The Canned Food Controversy That Changed History

Prior to the advent of refrigeration, the task of preserving food was paramount. History encapsulates this desire, noting that "from pickling and salting to smoking and drying, humans have been finding ways to make food last longer since prehistoric times." The origins of proper canning — ensuring that the food was correctly preserved and was entirely safe to consume — changed the future of food forever. While the developments helped to bring canning to the forefront, a scandal nearly toppled the entire empire. 

French chef Nicolas Appert is widely acknowledged as the originator of canning or bottling. Kitchn notes that Appert "began experimenting with preservation during the late 1700s, and he successfully preserved foodstuff," attributing this to the removal of air (or oxygen) within the storage vessel. Fascinatingly enough, a country-wide competition was held by the French government, with a prize of 12,000 francs to the winner, primarily in order to discover a way to properly preserve and conserve food for soldiers. Oftentimes, the soldiers were at sea for months with no means of acquiring fresh, nutrient-rich food. As the National Agriculture Library notes, Appert won the competition in 1809, but his invention was still in the early stages.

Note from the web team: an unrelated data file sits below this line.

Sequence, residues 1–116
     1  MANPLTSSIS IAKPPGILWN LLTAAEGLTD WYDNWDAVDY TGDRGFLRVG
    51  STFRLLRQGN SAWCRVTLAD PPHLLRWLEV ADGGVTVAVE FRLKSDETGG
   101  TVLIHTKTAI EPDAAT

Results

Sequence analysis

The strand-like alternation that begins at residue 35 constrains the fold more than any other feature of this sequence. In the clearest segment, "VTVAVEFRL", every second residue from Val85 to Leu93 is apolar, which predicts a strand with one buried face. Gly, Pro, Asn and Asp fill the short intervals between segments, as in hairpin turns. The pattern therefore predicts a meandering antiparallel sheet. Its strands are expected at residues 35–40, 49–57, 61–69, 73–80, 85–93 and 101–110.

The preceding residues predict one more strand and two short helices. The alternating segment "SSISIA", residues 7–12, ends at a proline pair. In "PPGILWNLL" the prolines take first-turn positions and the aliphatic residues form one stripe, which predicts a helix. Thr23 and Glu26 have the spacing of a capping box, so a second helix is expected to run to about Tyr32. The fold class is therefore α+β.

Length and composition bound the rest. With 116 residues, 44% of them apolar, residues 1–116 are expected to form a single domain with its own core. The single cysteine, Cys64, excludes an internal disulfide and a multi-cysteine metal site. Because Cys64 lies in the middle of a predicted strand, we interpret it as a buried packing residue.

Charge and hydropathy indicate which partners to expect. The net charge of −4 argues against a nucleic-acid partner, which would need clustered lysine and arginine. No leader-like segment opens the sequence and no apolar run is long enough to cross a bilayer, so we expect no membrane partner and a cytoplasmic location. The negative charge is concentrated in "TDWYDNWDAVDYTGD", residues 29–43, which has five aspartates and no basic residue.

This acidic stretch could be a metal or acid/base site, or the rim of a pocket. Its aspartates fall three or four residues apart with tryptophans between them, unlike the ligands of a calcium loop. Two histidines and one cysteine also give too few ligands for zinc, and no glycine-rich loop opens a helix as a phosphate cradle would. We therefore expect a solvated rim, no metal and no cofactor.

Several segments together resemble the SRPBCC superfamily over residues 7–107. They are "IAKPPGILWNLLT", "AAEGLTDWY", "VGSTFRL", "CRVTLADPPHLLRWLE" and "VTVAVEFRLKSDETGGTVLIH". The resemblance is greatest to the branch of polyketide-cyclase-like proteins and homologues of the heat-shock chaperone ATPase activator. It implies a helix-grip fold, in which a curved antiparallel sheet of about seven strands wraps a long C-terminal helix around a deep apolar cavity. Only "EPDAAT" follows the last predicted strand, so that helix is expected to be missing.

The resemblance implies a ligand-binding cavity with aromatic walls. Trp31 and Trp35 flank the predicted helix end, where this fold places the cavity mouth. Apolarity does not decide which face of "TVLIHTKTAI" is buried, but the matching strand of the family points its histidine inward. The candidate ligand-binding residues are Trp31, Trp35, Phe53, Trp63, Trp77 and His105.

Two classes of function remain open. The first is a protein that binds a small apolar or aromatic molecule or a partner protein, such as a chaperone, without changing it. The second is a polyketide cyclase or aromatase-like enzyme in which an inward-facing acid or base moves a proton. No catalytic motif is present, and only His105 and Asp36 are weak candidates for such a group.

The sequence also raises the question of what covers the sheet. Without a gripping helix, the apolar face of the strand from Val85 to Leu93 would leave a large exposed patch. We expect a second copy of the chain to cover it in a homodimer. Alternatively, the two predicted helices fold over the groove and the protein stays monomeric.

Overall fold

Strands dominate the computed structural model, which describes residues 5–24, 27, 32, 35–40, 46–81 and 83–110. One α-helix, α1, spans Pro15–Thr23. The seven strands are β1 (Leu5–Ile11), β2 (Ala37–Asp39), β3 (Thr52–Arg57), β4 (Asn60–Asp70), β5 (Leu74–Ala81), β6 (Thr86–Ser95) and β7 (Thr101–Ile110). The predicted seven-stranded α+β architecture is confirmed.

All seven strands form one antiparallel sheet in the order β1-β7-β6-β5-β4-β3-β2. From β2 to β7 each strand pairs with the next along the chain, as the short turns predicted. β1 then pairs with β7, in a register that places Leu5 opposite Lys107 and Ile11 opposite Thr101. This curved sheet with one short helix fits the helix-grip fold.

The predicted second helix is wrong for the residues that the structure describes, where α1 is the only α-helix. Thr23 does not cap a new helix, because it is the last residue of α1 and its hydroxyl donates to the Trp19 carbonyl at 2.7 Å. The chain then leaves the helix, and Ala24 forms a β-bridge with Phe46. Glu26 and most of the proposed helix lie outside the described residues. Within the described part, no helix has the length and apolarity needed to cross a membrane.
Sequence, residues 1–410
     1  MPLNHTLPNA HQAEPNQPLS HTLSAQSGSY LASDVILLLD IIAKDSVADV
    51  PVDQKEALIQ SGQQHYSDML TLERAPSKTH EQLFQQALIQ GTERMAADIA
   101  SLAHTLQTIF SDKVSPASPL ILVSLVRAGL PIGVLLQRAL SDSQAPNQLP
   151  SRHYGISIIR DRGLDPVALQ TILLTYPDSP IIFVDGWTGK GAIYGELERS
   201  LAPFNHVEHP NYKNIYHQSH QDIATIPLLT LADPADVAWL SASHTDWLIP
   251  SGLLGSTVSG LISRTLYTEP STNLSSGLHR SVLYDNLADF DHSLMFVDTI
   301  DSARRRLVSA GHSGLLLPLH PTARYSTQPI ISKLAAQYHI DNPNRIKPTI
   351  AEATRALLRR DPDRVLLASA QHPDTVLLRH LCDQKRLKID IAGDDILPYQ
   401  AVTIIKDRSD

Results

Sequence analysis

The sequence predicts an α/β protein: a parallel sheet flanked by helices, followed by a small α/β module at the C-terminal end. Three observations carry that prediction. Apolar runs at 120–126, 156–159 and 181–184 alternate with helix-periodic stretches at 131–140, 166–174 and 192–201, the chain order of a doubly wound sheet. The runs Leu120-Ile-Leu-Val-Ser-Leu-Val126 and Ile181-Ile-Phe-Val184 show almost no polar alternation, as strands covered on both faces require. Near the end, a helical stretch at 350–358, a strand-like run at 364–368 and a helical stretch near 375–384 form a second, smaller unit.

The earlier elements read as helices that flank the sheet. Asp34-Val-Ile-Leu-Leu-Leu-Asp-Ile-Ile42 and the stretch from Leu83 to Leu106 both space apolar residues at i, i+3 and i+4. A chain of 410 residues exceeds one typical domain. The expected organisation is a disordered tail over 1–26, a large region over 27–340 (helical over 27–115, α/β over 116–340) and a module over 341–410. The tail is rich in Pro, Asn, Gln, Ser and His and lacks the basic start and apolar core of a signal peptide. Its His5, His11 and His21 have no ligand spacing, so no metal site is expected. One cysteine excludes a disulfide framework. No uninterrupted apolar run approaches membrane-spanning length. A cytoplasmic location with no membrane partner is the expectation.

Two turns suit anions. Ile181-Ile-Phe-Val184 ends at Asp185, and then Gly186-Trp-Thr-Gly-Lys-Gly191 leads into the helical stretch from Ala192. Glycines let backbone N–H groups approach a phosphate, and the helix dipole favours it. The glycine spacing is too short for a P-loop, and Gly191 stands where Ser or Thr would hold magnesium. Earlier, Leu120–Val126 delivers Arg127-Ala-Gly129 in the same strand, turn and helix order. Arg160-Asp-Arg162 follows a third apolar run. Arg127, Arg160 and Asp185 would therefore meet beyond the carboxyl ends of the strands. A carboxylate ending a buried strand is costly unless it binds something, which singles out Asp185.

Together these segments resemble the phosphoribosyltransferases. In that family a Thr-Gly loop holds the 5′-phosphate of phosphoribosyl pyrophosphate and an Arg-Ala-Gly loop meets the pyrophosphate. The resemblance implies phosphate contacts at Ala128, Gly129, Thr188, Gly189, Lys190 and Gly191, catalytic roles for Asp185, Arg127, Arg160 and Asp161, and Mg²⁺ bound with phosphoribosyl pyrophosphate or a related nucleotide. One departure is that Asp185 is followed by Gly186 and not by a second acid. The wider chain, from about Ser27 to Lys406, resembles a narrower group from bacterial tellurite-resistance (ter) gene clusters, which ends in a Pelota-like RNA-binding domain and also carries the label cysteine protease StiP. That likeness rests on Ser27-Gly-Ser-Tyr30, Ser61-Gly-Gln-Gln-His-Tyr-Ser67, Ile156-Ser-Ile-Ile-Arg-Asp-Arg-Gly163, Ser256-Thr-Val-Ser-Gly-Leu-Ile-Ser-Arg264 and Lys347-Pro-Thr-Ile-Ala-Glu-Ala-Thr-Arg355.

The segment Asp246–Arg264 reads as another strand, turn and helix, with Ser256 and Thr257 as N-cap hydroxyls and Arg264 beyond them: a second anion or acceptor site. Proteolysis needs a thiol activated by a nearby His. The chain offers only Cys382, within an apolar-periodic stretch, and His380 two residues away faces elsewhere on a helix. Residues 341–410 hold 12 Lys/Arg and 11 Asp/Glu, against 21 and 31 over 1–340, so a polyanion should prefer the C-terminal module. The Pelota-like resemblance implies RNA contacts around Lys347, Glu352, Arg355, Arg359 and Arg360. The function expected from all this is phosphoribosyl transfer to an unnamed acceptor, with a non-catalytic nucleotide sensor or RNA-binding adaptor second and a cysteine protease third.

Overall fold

Fun fact: as noted by Food Ingredient Facts, Appart also created the bouillon cube. 

The progression of canning